Fig. 3: TFT-LCD equipment capital productivity is compared to glass generation. Glass-area throughput for various types of equipment increases much faster than capital cost, resulting in a 4–10x improvement in capital productivity over the range of Gen 2 – Gen 8.3


AMOLED displays are almost exclusively manufactured on a smaller glass size than their LCD counterparts. OLED deposition is typically performed on glass sheets cut down after TFT manufacture. This is due primarily to the limitations of the fine-metal-mask evaporation process required to pattern the subpixel structure of the OLED. As mentioned above, an alternative to this deposition and patterning process, nozzle printing,2 has been developed in order to provide a readily-scalable technique for OLED manufacture.

Nozzle printing provides multiple continuous streams of OLED solutions that are drawn across the substrate at high speed using production equipment that Dai Nippon Screen Co. (DNS) developed in partnership with DuPont. The simple control requirements allow excellent uniformity to be achieved. Deposited volume is dependent only on flow rate (which is held constant) and speed, which are both readily controllable by developed technologies. Increasing the scale of the printing equipment is a relatively straightforward engineering task involving the optimization of the number of nozzles, speed, and acceleration of the printing head.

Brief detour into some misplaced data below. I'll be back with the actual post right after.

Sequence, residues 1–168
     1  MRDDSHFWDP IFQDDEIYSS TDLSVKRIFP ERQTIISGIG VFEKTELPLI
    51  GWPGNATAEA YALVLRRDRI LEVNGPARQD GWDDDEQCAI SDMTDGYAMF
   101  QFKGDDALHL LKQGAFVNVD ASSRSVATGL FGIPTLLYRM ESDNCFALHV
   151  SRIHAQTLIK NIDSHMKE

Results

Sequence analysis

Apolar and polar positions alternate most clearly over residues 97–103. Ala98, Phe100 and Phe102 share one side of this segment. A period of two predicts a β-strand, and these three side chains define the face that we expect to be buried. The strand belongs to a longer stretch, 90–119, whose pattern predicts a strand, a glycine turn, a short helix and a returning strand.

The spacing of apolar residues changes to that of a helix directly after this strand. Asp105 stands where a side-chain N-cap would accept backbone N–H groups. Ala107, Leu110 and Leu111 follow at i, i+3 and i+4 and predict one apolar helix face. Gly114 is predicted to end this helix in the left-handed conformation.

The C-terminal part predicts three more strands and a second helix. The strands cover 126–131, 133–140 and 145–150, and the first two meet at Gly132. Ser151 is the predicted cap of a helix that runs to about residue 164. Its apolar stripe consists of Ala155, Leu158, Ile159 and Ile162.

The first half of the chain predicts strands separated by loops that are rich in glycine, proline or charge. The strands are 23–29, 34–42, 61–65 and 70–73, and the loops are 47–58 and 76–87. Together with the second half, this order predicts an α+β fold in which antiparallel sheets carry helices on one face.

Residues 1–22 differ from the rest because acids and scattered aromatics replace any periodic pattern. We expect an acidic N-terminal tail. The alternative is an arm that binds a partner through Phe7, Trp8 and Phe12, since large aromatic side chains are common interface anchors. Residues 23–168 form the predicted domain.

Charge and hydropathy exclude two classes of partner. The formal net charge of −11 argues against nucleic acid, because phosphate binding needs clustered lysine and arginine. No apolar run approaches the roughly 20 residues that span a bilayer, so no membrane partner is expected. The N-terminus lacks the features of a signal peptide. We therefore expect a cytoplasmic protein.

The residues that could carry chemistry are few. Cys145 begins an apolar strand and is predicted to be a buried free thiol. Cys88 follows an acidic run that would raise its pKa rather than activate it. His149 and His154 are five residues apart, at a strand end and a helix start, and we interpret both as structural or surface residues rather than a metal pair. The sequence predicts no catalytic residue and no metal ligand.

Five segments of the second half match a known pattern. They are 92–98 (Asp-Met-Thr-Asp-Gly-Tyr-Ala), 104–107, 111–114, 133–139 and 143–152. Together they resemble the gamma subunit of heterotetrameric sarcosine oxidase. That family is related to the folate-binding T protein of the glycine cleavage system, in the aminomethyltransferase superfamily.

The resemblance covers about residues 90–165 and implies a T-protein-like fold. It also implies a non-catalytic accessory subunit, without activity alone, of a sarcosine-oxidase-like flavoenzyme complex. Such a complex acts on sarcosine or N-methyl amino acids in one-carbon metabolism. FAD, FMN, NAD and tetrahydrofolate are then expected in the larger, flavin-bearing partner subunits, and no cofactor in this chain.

Because printing is a serial operation, the Total Average Cycle Time (TACT) of the equipment is a function of the display resolution and substrate layout as well as the substrate size. Since larger substrates are used to produce larger displays at lower resolution, the number of passes required by the printer does not increase as fast as generation size. Nevertheless, longer scan lengths and increasing scan counts will result in productivity decreases with increasing substrate size if all other parameters are held constant. Consequently, moderate nozzle count increases are planned for larger scale printers as illustrated in Fig. 4. Nozzle printers have been produced in full Gen 4 size with 15 nozzles. A single printer is capable of producing 10,000 sheets per month (benchmark 3.5-in. display) while depositing all three colors simultaneously. Similar printers with 30, 45, or 60 nozzles can maintain a 7,500–10,000 sheet output, as glass size is scaled up through Gen 5, 6, and 8.